Home Forex Strategy Goldman Sachs shifts to less defensive currency strategy amid 'tentative stabilization' – CNBC

Goldman Sachs shifts to less defensive currency strategy amid 'tentative stabilization' – CNBC

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Goldman Sachs has shifted to a slightly more aggressive stance in its global foreign exchange recommendations amid what it sees as a “tentative stabilization” in global growth and a cooling of geopolitical risk.

In a note to investors published late on Friday, the Wall Street giant said it sees greater opportunities in the global FX market, after major risk events such as a “no deal” Brexit and possible U.S. tariff increases were averted in recent weeks.

“Plus, while incoming data on the global economy have not been great, the timeliest indicators point to a tentative stabilization,” Zach Pandl, Goldman Sachs co-head of global foreign exchange and emerging market strategy, said in the note.

But with the U.S. Federal Reserve seemingly hitting pause on its rate cut strategy, a key source of market support, and weak growth in Europe, Goldman is recommending a less defensive mix of FX trades but still does not see a broad weakening of the U.S. dollar.

“That would likely require more evidence of a pickup in global growth, some greater clarity on the path ahead for the trade conflict, and possibly lower US real rates,” Pandl added.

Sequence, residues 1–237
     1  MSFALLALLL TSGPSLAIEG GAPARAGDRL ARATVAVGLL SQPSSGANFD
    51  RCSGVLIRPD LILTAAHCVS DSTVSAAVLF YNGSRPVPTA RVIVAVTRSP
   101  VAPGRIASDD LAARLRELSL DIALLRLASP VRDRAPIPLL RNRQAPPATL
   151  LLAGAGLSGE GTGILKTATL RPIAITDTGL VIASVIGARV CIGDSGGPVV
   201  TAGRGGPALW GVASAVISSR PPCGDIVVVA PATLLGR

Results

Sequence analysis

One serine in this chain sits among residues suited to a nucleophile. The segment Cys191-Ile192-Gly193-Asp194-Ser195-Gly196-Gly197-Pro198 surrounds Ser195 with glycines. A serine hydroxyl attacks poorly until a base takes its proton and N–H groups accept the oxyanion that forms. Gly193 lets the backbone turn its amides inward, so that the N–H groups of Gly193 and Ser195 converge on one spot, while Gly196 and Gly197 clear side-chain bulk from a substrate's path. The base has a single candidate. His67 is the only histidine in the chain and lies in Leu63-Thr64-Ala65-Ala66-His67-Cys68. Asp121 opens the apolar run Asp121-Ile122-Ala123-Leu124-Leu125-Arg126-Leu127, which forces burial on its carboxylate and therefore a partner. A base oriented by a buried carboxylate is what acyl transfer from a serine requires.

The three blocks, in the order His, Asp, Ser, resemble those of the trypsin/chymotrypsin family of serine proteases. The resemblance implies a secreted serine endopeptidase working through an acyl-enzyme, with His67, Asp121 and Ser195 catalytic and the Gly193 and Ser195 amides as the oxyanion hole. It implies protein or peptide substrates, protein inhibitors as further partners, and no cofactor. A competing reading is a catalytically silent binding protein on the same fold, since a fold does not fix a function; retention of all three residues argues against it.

The bank recommended investors go long on Swedish Krona (SEK) against the euro, suggesting that Sweden, as the most open economy in the G-10 (Group of Ten), stands to benefit from improving global growth sentiment. Goldman analysts are targeting a return to July lows for the EUR/SEK pair of 10.50.

Pandl argued that while soft data in Sweden has lagged the recovery elsewhere, this can be discarded due to the Riksbank’s apparent intent on a December hike in order to exit negative rates, despite a few mixed signals in the domestic data. He also highlighted that SEK is more closely correlated to economic conditions across Europe than the domestic picture.

Goldman has opted for “dollar-neutral carry trades” in emerging markets, such as backing the Indonesian Rupiah (IDR) against the South Korean won (KRW), identifying the former as the “most attractive Asian high-yielder.”

However, not everyone is convinced by the market commentary suggesting a generally improving investment environment.

Shard Capital’s Bill Blain said in a note Monday that he is “unconvinced” and cautioned that “time has been called on this particular era of irrational market exuberance.”

“My spidey senses are tingling due to the manner in which events across markets, individual stocks, politics, geopolitics and gut-instinct are connected,” Blain said.

“I’m not predicting sudden or massive financial collapse – just a wake up and smell the coffee correction in bonds (which feels underway), and selective deflation in oversold sectors of the stock markets. As always, any reversal will set off wailing and despair, yet most of the critical lessons will be missed,” he added.

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